Open and read from text files, Unique values in an array in Perl · Manipulating Perl arrays: shift, unshift, In this part of the Perl tutorial we are going to see how to read from a file in Perl. First, using a text editor, create a file called 'data.txt' and add a few lines to it: files is used in Perl scripts when you absolutely have to have the file opened or there  The file handle is then used with Perl's input operator <> to read the contents of the file into the @data array. Each element of the array now corresponds to one line of the file.


To your original question about how to store the data in an array...

First, initialize an empty array outside the file read loop:

my @servers = ();

Then, within the loop, after you have your data pieces parsed out, you can store them in your array as sub-arrays (the resulting data structure is a two dimensional array):

$servers[$count] = [ $name, $cpuUtil, $avgMemUsage, $diskFree ];

Note, the square brackets on the right create the sub-array for the server's data pieces and return a reference to this new array. Also, on the left side we just use the current value of $count as an index within the @servers array and as the value increases, the size of the @servers array will grow automatically (this is called autovivification of new elements). Alternatively, you can push new elements onto the @servers array inside the loop, like this:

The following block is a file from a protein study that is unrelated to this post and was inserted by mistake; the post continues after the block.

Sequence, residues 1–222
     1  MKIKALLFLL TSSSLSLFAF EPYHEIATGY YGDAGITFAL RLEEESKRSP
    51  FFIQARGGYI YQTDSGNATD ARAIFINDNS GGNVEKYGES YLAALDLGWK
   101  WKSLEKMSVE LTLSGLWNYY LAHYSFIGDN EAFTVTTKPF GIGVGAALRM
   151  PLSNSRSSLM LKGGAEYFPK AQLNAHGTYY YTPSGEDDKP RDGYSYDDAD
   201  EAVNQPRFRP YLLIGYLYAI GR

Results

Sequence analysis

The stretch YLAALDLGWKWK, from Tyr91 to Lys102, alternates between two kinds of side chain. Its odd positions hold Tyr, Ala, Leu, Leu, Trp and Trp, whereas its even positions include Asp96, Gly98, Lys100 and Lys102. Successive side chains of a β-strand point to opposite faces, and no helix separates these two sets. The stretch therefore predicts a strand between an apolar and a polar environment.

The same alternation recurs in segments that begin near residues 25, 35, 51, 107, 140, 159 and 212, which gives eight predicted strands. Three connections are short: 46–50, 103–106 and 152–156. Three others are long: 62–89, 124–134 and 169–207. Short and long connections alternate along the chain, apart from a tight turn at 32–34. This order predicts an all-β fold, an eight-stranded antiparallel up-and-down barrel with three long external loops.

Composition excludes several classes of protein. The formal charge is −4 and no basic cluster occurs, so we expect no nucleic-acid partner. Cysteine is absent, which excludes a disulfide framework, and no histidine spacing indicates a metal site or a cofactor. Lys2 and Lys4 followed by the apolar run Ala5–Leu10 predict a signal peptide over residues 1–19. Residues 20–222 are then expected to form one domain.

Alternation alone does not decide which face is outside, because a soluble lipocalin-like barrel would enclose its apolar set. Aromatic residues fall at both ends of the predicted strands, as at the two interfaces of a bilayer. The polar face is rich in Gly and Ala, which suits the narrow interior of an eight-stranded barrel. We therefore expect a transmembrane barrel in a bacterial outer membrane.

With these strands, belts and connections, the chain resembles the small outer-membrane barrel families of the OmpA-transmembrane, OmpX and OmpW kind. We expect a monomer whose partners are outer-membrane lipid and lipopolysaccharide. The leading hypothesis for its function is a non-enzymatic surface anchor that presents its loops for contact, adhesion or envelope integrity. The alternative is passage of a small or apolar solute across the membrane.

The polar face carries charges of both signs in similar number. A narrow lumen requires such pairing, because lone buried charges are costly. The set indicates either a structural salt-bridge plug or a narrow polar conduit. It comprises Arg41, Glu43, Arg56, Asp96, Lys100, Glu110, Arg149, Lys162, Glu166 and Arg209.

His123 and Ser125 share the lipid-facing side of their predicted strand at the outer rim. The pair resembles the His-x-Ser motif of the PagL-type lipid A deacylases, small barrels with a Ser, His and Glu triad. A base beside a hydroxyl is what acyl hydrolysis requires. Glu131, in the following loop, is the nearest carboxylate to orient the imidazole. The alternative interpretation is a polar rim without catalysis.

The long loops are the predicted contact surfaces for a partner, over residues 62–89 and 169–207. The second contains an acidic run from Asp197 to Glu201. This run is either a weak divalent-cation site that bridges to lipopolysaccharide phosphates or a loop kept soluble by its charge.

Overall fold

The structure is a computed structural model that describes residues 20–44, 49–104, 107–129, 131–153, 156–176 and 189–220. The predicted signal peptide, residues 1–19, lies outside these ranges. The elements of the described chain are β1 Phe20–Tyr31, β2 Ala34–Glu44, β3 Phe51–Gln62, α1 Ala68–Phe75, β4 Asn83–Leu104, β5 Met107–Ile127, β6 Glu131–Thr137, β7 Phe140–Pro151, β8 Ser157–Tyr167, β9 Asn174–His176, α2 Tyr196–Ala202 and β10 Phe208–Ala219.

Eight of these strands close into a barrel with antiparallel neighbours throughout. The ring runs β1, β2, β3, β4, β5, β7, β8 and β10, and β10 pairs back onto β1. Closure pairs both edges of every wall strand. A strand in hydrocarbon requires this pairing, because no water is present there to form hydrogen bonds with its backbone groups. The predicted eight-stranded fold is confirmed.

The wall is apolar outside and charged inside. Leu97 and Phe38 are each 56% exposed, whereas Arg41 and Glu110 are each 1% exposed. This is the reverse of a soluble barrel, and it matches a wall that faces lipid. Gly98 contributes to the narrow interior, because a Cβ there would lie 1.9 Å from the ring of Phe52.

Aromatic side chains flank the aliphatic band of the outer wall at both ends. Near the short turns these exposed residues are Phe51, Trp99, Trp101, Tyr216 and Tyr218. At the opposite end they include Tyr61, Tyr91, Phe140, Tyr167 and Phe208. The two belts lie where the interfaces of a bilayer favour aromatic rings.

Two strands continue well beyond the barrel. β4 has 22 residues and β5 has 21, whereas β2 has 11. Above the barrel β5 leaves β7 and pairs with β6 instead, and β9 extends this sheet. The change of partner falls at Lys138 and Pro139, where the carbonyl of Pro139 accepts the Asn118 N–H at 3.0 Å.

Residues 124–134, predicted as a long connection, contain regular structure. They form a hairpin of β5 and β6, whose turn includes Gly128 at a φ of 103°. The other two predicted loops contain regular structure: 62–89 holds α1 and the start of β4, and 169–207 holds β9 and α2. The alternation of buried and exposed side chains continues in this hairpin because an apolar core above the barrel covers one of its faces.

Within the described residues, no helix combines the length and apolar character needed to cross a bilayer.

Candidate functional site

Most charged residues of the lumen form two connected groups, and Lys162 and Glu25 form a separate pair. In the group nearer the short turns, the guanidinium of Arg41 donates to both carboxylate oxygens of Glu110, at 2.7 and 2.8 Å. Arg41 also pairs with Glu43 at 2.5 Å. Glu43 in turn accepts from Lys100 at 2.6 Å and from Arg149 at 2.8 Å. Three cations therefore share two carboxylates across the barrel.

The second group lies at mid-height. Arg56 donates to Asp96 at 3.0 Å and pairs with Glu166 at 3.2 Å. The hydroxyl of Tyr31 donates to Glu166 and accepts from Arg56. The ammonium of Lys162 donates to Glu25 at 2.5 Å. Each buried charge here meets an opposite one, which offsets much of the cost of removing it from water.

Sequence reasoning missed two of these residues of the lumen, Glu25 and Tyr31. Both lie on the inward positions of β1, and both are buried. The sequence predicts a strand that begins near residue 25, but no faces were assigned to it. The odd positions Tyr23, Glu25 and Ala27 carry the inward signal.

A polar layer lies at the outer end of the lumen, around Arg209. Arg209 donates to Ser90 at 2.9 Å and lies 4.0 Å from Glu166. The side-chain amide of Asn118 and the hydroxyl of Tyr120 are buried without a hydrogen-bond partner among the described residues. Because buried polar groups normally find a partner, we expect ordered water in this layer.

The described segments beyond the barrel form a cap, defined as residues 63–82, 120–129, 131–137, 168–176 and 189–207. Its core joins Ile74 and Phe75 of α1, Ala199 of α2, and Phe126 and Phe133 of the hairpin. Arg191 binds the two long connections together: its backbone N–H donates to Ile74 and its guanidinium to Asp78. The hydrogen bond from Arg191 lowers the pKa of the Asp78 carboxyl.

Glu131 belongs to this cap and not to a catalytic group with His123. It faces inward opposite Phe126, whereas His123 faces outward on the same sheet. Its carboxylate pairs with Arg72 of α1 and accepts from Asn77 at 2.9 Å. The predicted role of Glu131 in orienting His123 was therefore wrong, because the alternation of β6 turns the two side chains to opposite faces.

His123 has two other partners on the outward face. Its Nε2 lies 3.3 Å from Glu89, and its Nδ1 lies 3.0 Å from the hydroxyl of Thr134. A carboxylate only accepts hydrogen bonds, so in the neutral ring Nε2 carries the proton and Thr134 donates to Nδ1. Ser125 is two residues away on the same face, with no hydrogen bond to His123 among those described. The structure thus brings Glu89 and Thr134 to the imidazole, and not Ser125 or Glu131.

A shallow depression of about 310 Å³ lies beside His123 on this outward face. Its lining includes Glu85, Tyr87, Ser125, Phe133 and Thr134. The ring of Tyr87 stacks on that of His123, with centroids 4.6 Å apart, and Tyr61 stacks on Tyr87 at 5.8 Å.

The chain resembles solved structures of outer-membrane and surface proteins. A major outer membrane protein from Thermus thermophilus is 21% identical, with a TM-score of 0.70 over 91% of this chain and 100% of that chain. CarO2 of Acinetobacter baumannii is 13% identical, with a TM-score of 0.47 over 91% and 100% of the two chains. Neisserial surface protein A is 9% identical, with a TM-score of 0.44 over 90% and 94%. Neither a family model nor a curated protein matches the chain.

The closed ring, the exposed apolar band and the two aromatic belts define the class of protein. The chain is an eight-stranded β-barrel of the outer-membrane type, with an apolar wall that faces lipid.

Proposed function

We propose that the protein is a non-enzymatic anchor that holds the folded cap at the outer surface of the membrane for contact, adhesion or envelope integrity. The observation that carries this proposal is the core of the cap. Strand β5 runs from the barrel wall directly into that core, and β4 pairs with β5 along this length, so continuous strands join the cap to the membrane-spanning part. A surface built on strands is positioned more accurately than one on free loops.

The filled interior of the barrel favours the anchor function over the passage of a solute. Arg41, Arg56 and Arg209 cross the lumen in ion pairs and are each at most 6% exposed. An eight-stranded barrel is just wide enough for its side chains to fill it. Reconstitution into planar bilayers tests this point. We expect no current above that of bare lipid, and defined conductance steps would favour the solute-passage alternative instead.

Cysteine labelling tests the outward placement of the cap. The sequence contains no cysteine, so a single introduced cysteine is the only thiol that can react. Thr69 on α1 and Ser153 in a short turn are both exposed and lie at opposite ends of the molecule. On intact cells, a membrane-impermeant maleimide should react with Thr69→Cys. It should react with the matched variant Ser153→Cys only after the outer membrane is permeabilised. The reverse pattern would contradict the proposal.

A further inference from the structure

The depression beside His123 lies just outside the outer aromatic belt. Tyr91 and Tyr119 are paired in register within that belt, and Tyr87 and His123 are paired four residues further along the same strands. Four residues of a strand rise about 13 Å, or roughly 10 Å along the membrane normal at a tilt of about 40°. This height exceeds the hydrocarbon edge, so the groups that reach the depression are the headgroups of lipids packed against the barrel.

push @servers, [ $name, $cpuUtil, $avgMemUsage, $diskFree ];

This way, you explicitly ask for a new element to be added to the array and the square brackets still do the same creation of the sub-array.

In any case, the end result is that after you are finished with the file read loop, you now have a 2D array where you can access the first server and its disk free field (the 4-th field at index 3) like this:

my $df = $servers[0][3];

Or inspect all the servers in a loop to find the minimum disk free:

my $min_s = 0;
for ( my $s = 0; $s < @servers; $s++ ) {
    $min_s = $s  if ( $servers[$s][3] < $servers[$min_s][3] );
}
print "Server $min_s has least disk free: $servers[$min_s][3]\n";

Like @choroba suggested, you can store the server data pieces/fields in hashes, so that your code will be more readable. You can still store your list of servers in an array but the second dimension can be hash:

$servers[$count] = {
    name          => $name,
    cpu_util      => $cpuUtil,
    avg_mem_usage => $avgMemUsage,
    disk_free     => $diskFree
};

So, your resulting structure will be an array of hashes. Here, the curly braces on the right create a new hash and return the reference to it. So, you can later refer to: